Until 2016, the answer would have been yes. In 1937 the debut edition of the Cleveland Rams and their 0–10 (.090) record put in a performance of on-field futility that surpassed even the inaugural Cleveland Browns II of 1999 (2–14, .125).
And then along came the Browns of 2016 and their 1–15 (.067) record.
Yes, Cleveland football fans—not just Browns fans but fans of all Cleveland NFL teams through the decades—have never seen an NFL season more awful than the one they’ve just witnessed. And that’s saying a lot.
You see, Cleveland was a charter member of the American Professional Football Association (APFA) all the way back in 1920—just shy of a century ago. We now know the APFA as the National Football League, born of man in that famous manger Hupmobile dealership in Canton, Ohio; and believe it or not, it actually took some time for NFL football to take hold in what was then baseball- and boxing- and college-football-mad Cleveland.
Three NFL teams predate the Rams and the Browns in Cleveland: an NFL charter franchise called first the Tigers then the Indians in 1920 and 1921; a Canton Bulldogs / Cleveland Indians blend (1923-1927) newly christened the Cleveland Bulldogs in time to become NFL champs in 1924; then, for one single season that was underwritten by the league in hopes of getting something started in Cleveland, a second version of the Indians. But that team was was disbanded after compiling a 2-10 record, thereby qualifying it for fifth on Cleveland’s all-time infamy list.
In terms of losing percentages the 2016 Browns have beaten ’em all—the debut rosters of four different expansion teams included.
Optimistic Browns fans might choose to derive some hope from the Rams’ rags-to-riches story. And it is indeed true that after cycling through four head coaches and turning over their entire roster between 1937 and 1944, the Rams dove deep into the 1944 NFL draft and selected, with the 42nd overall pick, a dark-horse quarterback out of UCLA who hadn’t even earned All-American status. The very next season, 1945, Bob Waterfield passed the Rams to a 9–1 record and the NFL championship.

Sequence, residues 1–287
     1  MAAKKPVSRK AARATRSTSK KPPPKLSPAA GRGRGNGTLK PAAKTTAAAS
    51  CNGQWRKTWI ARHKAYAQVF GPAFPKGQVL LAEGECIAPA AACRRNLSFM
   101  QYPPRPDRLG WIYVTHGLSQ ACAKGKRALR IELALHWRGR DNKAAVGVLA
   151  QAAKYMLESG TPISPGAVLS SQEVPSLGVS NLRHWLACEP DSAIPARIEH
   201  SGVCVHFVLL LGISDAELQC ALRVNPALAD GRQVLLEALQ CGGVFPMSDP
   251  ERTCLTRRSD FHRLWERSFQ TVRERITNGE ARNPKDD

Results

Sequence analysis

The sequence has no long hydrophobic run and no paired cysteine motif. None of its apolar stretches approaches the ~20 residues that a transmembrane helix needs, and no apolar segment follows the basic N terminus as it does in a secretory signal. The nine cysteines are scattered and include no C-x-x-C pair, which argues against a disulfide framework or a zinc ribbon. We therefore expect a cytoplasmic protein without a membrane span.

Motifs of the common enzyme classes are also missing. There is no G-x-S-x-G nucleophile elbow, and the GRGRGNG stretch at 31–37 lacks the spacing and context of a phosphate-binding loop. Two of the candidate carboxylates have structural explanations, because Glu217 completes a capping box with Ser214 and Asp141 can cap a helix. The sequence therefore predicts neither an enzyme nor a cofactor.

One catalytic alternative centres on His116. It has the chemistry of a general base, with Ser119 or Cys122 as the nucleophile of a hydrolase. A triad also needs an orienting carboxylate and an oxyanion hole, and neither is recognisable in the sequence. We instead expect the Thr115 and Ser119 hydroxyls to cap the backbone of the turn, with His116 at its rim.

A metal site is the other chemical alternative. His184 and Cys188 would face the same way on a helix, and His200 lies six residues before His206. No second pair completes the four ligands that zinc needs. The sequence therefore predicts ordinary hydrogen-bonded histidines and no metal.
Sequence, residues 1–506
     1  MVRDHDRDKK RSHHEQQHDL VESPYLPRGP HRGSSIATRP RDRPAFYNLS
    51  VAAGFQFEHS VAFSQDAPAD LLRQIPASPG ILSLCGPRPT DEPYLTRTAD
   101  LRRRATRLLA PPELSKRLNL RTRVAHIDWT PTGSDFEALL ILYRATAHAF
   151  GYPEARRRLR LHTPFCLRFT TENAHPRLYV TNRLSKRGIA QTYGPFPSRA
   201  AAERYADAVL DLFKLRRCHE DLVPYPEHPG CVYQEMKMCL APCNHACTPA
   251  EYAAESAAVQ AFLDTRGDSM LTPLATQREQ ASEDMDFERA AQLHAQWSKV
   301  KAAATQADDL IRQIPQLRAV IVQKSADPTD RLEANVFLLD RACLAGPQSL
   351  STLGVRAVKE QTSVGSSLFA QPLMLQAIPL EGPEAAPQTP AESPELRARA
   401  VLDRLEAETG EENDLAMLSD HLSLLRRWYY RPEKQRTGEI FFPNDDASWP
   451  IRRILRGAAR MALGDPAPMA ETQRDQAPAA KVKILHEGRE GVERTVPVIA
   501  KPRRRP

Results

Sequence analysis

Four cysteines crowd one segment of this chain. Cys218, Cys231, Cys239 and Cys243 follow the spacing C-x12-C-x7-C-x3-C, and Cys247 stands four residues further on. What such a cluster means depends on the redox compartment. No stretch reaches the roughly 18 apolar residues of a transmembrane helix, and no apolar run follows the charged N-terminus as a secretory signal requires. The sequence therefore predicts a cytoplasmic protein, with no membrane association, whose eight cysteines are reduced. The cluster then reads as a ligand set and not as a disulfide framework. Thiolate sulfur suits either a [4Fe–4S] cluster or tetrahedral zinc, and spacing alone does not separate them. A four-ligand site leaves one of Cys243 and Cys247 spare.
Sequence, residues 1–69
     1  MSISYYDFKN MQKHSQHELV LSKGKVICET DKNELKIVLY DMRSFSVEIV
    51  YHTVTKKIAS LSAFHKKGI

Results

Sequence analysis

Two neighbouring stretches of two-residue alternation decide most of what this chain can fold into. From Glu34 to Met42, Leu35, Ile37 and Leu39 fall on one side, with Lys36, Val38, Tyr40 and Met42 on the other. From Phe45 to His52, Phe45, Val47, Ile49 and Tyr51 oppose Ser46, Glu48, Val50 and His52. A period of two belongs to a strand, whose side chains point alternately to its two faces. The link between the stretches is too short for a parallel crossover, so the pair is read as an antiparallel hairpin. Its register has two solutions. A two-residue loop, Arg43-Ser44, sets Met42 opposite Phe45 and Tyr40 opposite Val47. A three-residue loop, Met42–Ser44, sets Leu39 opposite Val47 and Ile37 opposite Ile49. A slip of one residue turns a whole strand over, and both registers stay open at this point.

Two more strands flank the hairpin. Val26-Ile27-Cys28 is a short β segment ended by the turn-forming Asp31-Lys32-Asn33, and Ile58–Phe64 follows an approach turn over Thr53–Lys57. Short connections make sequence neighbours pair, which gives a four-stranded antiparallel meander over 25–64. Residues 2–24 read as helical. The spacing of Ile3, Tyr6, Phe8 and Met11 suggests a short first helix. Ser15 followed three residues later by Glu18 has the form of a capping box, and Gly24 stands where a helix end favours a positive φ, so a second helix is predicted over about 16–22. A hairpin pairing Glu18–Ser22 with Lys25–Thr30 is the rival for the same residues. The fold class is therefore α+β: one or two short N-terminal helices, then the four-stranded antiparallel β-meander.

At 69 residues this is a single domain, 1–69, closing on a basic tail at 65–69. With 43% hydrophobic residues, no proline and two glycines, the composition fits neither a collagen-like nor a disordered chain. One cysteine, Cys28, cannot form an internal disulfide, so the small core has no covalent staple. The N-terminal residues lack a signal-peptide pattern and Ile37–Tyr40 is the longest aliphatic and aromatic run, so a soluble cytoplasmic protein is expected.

The Browns can only hope the 2017 player draft in April brings much the same result. They currently hold the number-one pick.
What: Though home to baseball’s Cleveland Indians, League’s Park rectangular configuration and seating capacity of 23,000 made it a surprisingly accommodating facility for football—professional as well as collegiate. Located at a trolley stop at the corner of Lexington Avenue and East 66th Street, League Park was sewn into the middle of the Hough neighborhood on the city’s East Side, with automobile parking accommodated—for a small fee, of course—by local residents and their shallow front yards. The final two NFL games there were particularly momentous. On November 11, 1945 a flash overflow crowd of 28,361 jammed into the park’s grandstands as well as a battalion of temporary bleachers erected along the right-field wall, causing the latter to collapse and injure 31—though many joyous fans engrossed in the Rams’ 20–7 victory over the hated Green Bay Packers hardly noticed. At League Park’s very last football game, on December 2, 1945, the Western Division champion Rams ran their record to 9–1 by defeating the Boston Yanks, 20–7, before 18,470. Boxing legend Jack Dempsey was on hand to help celebrate a special “day” for fan favorite, lineman Riley “Rattlesnake” Matheson. Just six weeks later, Rams owner Daniel F. Reeves announced the team was moving west to become the Los Angeles Rams.
What: The founding of the Rams usually is attributed to lawyer-businessman Homer H. Marshman, and indeed it was at Marshman’s house in the exclusive Cleveland suburb of Waite Hill that funding was lined up to launch the team in the American Football League in 1936. But it was young Damon “Buzz” Wetzel—barely out of The Ohio State University, son of a Cleveland Indians scout, and with one season under his belt as an NFL player for the Chicago Bears and Pittsburgh Pirates (now Steelers)—who prevailed on Marshman and other Cleveland moneymen to invest. Wetzel recruited future Hall-of-Fame coach Sid Gillman to play for the Rams, became the team’s first head coach, and served as its general manager when the team entered the NFL in 1937. In 1938 he was pushed out by many of the same investors he had brought in and never worked in the NFL again.